I’m not about to let that happen. I’ll bet you feel the same way.

I have a final and important piece of advice for you:

Even if you get rid of your anxiety — and I know you will — you will still have plenty of OCD moments. I still check my laptop bag several times to make sure I didn’t forget my computer. I still go on a cleaning tear through my house if too many things are out of order.

That’s perfectly OK. As long as you learn to beat down the part where your mind spins with worry about things beyond your control, the other habits are fine. Since I’m open about my OCD, people don’t look at me funny when I have those “OCD moments.” They’ve learned to see beyond the habits and see me for who I am.

And sometimes, the OCD moment can be put to good use. If you have a big project, the OCD can push you to get it done and done right. It may seem strange, but if you learn to manage it, it can be very useful.

Some of our repetitive motions do look silly at times. Don’t worry about it. Learn to laugh at it instead.

Life is tough. But it’s supposed to be. It’s how we discover who we are and what we are capable of. I bet you are capable of a lot.

Take care of yourself, and keep the faith.

Yours truly,

Bill Brenner

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8 thoughts on “A Letter to Addie, a Child Fighting OCD

  1. Pingback: Operation Global Blackout Would Save Me A Lot Of Trouble | THE OCD DIARIES

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  5. Wow, Bill, I just read this post – I only just now realized this letter was written to “our” Abbie – the daughter of my business partner Clay. This is amazing support for her (and for others!)

    Your blog is doing such a great deal of good. I thank you for it. For the record, it was one of the couple of big triggers that helped me reach the decision to quit eating flour or sugar on Dec. 24 of last year. Duh! My health is much better for it. Your experience showed that it could be done and that the effort is worth it. As I read about your experiences I’ve been pointing a number of my fitness friends this way, not aware before now just how many of them are struggling with big issues and are using their continuous workout plans as mechanisms to undo the damage of the addictive nutrition and eating habits that can actually be within their control. Several of them are now following your blog to learn more about your experiences with OA as well.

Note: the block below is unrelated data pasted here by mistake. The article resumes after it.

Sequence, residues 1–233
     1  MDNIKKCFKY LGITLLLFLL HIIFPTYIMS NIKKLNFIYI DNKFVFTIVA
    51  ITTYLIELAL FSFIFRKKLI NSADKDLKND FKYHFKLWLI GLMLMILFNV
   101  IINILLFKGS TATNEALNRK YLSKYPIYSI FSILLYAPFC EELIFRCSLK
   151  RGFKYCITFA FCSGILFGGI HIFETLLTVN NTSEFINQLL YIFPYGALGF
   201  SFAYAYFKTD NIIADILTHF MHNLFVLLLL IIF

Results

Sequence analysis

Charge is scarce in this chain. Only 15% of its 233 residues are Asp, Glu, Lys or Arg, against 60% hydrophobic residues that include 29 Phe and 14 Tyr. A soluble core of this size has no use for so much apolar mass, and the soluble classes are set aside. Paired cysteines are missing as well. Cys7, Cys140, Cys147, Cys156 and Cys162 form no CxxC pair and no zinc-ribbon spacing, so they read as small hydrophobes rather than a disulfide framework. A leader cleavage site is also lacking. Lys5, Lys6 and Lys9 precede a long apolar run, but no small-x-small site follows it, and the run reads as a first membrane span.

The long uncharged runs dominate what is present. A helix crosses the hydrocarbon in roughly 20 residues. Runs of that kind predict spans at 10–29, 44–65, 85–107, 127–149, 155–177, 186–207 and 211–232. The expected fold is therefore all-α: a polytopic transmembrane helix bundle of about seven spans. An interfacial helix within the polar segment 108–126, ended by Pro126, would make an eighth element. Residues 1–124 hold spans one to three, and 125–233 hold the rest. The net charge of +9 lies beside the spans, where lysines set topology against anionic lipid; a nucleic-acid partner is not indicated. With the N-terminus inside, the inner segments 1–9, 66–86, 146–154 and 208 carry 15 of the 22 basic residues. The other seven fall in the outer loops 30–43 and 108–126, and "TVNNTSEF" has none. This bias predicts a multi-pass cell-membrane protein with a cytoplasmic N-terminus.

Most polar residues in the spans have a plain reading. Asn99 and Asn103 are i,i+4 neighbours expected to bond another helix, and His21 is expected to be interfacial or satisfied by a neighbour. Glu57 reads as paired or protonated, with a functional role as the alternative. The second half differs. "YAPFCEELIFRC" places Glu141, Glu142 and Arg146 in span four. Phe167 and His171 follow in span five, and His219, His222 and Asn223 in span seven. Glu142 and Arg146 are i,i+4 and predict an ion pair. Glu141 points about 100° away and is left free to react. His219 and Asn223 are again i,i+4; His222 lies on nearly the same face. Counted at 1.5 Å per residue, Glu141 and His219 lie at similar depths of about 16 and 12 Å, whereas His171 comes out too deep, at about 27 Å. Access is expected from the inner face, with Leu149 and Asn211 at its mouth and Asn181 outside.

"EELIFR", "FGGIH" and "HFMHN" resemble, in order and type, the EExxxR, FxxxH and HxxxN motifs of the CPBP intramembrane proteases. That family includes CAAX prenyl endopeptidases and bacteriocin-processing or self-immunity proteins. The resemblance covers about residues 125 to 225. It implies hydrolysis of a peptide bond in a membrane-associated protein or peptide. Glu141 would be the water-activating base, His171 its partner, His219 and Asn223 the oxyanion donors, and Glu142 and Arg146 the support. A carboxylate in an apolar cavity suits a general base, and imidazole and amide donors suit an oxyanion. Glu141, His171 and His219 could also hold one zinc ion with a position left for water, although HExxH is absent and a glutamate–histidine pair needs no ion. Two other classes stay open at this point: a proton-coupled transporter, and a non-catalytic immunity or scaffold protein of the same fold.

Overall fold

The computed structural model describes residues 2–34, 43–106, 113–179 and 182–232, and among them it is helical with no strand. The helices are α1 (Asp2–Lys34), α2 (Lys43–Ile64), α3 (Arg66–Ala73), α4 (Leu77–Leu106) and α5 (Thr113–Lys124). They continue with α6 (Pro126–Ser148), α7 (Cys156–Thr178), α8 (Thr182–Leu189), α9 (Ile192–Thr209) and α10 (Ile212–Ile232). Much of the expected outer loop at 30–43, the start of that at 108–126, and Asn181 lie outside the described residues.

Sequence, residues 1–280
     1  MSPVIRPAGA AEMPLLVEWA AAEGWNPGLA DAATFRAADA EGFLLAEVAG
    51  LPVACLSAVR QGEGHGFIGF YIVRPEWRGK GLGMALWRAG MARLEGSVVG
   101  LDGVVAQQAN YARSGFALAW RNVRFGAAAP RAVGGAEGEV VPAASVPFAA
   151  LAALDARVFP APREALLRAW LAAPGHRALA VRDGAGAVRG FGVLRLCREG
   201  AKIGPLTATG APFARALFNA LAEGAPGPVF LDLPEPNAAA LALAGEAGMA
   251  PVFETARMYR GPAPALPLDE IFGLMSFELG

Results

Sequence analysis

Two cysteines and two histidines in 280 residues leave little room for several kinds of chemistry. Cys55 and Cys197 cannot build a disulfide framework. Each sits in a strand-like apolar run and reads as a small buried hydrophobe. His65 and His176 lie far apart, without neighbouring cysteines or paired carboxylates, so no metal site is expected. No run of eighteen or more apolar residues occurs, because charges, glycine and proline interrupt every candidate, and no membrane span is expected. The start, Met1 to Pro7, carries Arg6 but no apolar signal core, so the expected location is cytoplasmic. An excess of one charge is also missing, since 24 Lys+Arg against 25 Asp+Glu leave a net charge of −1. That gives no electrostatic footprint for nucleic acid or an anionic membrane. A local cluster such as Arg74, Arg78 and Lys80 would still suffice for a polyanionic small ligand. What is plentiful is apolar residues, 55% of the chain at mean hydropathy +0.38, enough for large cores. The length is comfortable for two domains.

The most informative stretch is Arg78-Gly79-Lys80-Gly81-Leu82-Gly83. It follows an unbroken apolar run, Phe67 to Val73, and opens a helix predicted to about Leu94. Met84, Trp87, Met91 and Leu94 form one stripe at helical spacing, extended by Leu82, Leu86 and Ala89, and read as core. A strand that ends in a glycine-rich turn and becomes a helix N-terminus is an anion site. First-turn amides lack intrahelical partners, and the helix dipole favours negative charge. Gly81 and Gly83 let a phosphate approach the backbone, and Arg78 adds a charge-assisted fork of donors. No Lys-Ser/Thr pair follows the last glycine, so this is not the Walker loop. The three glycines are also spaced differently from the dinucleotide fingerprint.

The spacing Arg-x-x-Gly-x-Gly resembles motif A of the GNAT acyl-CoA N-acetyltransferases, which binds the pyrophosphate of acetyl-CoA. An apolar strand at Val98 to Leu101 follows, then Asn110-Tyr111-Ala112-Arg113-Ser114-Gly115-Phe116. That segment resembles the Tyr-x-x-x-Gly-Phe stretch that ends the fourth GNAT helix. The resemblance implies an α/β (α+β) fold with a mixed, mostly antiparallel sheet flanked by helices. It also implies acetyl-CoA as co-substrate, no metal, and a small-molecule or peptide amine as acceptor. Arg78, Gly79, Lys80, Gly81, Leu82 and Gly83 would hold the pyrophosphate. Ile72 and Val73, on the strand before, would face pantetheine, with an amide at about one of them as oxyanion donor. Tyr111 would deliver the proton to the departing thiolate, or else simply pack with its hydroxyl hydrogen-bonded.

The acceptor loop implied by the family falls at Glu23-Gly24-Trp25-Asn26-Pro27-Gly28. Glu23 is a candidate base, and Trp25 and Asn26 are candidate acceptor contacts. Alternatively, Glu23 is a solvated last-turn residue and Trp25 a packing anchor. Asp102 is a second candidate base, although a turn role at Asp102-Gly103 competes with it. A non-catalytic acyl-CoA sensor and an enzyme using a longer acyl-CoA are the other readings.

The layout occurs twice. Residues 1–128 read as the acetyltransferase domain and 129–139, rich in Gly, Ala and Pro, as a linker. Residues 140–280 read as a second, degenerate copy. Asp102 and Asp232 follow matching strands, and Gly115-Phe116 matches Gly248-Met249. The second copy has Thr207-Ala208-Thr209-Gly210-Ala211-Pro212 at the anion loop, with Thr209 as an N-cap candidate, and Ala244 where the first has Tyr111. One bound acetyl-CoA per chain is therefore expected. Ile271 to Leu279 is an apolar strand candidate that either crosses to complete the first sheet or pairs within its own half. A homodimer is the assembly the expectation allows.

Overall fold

Thanks for all you do, and I am very, very excited to see you next Wednesday about business and security topics again!

    I’m so happy that you are writing this blog.

    Cheryl

  6. Thanks for your post, Bill. I feel like I learn something new from every story/experience I hear regarding OCD and anxiety. I knew that it was something she’d be struggling with for the rest of her life but you’ve given new insight on things that might be a struggle I’d never considered. I really love the idea of looking for “The Helpers” and I think that as Addie gets older, and she really starts learning about these horrendous natural disasters, that will be the thing we focus on with her. I do hope that she is able to put her OCD to good work and I know that she will be stronger because of this struggle.

    Thank you again, for your post to my sweet Addie. Also, thank you for helping others see that it is not just something adults struggle with- it’s kids too and as parents, it’s our job to help them get through it and to provide them with the ability and the resources to do that. We cannot do that if there is not awareness of it.

  7. That’s exactly what an OCD sufferer wants and needs to hear. People who never had OCD don’t know how it really feels like, and I find it difficult to explain to other people why (for example) I don’t want them to use chemical products like detergents near me or why I triple-check whether I forgot or lost something. Even if I recovered from OCD, I too have those “OCD moments” but I realized that when I put my obsessive-compulsiveness to good use, my work is very appreciated! I’ve been told I’m meticulous and detail-oriented.